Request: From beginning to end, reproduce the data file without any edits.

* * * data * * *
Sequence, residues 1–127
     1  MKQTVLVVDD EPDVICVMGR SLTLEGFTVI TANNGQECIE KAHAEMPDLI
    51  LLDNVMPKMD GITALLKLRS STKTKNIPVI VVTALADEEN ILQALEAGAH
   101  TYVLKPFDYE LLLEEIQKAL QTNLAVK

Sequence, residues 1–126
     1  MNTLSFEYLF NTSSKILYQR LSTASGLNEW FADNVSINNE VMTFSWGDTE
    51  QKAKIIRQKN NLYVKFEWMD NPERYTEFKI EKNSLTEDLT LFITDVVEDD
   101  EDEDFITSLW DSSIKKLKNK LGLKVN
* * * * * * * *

Sequence, residues 1–127
     1  MKQTVLVVDD EPDVICVMGR SLTLEGFTVI TANNGQECIE KAHAEMPDLI
    51  LLDNVMPKMD GITALLKLRS STKTKNIPVI VVTALADEEN ILQALEAGAH
   101  TYVLKPFDYE LLLEEIQKAL QTNLAVK

Sequence, residues 1–126
     1  MNTLSFEYLF NTSSKILYQR LSTASGLNEW FADNVSINNE VMTFSWGDTE
    51  QKAKIIRQKN NLYVKFEWMD NPERYTEFKI EKNSLTEDLT LFITDVVEDD
   101  EDEDFITSLW DSSIKKLKNK LGLKVN